A headteacher recently wrote to The TES (March 8) to ask why, at a time when government is allegedly increasing funding for schools, he was having to prepare next year's budget with less money for a school with more pupils.
This epitomises the mystery of the national funding system. The complex system is understood by few people; it produces different funding levels for schools in similar socio-economic circumstances; it uses data which are either out-of-date or irrelevant.
Although there is no doubt that since 1999 gross funding for education has increased, the amount distributed through the mainstream route via local education authorities (standard spending assessment, revenue support grant, fair funding formula) has scarcely matched inflation. The increase has been in capital funding, in specific and targeted grants tied to particular Government priorities, or in special high-profile initiatives from which only a minority of schools benefit.
The good news is that the Department for Education and Skills is working with teachers, governors and other stakeholders to devise a new system for distributing funding to LEAs in time for the financial year beginning in April 2003.
The essential purpose of the reform is clear and welcome. It is to produce a system which can guarantee that:
* wherever a child lives in this country, he or she has a fair allocation of funding for education;
* the funding provided matches the expectations and requirements of government policies;
* those responsible for providing educational services at school or LEA level are clearly accountable for making the best use of the funds they have received; and
* governors and heads can predict the funding they are likely to receive for more than one year ahead so that planning for school development can be more coherent.
To prevent the tensions which have arisen between schools and LEAs over delegation targets, funding will be split into a "schools' block" and an "LEA block".
The schools' block will be based on an activity-led and needs-based model - a detailed analysis of what schools do and the expectations placed on them.
The LEA block will be determined on the basis of previous expenditure patterns as a similar needs-led analysis is impractical. The education funding strategy group - the working group of stakeholders - has given great attention to ensuring that the new formula adequately protects children with special needs, with or without statements. The present use of proxy factors (free school meals) will probably be replaced by an index of deprivation for pupils in the younger age-groups and prior attainment scores in the case of older pupils.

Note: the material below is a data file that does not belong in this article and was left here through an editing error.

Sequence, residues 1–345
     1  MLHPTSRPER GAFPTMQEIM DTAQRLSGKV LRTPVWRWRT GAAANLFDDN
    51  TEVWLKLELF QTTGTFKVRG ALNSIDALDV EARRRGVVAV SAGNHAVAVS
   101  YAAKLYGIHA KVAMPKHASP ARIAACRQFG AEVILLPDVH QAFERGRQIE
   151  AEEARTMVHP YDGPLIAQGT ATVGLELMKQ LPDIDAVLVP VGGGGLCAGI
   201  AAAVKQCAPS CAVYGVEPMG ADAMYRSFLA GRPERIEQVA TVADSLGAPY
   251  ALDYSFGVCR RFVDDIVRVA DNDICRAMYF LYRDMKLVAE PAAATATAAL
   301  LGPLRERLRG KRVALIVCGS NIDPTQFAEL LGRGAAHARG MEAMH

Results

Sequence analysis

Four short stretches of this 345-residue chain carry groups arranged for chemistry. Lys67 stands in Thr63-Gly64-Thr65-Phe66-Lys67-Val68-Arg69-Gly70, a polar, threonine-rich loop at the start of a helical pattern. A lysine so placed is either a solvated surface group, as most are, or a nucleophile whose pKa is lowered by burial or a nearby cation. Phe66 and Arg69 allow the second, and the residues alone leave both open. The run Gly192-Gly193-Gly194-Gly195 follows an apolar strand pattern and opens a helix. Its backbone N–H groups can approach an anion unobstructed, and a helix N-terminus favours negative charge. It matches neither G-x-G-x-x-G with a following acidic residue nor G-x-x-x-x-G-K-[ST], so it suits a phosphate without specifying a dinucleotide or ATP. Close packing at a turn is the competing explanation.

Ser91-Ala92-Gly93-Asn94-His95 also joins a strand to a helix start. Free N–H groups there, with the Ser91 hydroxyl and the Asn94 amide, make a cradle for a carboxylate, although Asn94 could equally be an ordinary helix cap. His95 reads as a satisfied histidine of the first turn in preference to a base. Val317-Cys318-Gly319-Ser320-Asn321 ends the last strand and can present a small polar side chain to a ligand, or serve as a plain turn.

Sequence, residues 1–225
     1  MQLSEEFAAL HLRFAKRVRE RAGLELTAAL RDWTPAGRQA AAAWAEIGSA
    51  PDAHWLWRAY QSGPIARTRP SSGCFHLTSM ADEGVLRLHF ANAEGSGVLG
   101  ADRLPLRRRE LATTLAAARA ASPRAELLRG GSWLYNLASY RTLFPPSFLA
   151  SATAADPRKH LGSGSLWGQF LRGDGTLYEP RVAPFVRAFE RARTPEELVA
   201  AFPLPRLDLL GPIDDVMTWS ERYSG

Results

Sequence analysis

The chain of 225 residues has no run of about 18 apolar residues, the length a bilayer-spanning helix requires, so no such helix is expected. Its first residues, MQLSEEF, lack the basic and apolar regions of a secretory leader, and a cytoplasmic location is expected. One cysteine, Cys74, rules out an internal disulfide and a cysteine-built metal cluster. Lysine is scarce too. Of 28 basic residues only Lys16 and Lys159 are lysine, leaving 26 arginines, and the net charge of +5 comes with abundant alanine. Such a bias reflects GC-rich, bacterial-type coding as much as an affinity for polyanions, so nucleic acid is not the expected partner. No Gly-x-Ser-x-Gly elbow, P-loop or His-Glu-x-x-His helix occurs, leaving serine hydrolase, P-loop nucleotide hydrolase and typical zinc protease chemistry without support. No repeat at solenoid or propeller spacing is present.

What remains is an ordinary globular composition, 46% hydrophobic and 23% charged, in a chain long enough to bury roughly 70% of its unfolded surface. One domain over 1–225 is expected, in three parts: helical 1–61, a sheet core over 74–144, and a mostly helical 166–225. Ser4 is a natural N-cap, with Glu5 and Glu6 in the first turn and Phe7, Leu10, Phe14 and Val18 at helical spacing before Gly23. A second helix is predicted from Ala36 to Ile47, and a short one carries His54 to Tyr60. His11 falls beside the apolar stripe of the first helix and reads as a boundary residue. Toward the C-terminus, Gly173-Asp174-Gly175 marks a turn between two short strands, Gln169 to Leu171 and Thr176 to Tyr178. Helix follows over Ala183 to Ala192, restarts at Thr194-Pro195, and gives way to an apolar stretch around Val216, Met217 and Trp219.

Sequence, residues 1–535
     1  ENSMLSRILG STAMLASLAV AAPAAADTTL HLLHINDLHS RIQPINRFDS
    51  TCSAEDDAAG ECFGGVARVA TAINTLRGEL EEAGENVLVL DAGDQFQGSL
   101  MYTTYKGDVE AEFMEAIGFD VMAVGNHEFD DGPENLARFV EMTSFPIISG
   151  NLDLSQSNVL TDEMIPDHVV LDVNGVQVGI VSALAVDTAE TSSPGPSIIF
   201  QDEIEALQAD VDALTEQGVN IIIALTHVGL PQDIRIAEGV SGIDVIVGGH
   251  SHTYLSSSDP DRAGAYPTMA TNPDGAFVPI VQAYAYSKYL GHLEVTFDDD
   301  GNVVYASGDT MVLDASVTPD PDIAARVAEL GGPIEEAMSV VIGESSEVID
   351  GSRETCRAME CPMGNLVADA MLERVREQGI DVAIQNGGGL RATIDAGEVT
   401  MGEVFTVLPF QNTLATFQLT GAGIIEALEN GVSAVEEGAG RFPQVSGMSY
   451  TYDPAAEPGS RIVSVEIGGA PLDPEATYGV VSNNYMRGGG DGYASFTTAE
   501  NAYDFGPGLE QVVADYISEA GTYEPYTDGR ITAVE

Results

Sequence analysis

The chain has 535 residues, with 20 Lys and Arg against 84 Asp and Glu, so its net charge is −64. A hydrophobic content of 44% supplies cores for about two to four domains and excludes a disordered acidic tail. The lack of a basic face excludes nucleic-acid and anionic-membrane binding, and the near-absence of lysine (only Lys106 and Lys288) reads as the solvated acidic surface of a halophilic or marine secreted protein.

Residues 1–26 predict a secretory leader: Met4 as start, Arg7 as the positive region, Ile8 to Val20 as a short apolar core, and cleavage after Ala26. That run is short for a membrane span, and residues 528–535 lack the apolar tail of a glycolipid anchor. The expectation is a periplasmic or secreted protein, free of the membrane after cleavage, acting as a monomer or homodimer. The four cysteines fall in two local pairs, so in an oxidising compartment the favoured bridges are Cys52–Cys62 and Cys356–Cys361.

The special problems facing schools with many deprived children, children with English as an additional language andor high pupil mobility have been convincingly presented.
There need be no fear of a dramatic switch of resources away from those who genuinely need them. All LEAs will receive funding for basic entitlement for all pupils plus additional money to combat disadvantage and meet special educational needs.
Some will receive extra funding because of geographical factors: for some, the sparsity of their population causes them to incur extra expense; for others, higher costs of paying, recruiting and retaining staff produces budget pressures.
Traditionally, this latter factor has been recognised in the area cost adjustment element of the SSA formula. Not surprisingly, the future of this element has been contentious: the current beneficiaries (London and south-east counties) defend it, while others complain that the criteria used for calculating the area cost adjustment are not based on the actual extra costs incurred by schools.
As part of the new regime every LEA will create a schools forum, mainly composed of heads and governors, which will contribute to decisions in relation to schools funding.
The Government, and LEAs, want the structure and election process for the forum to be devised by the LEAs themselves; the school and governor representatives on the official working group believe that the format and procedures should be the same across the country.
Governors will need to be fully aware of their local forum in the light of its potential influence.
A complete outline of the new system is expected at the end of April. What it will mean in practice for individual LEAs will not be clear until after the Government completes this summer's review of all spending for the next three years. Unless substantially more money is made available for education, the "winners" under the present system will lose out.
Peter Downes represents the Secondary Heads' Association on the education funding strategy group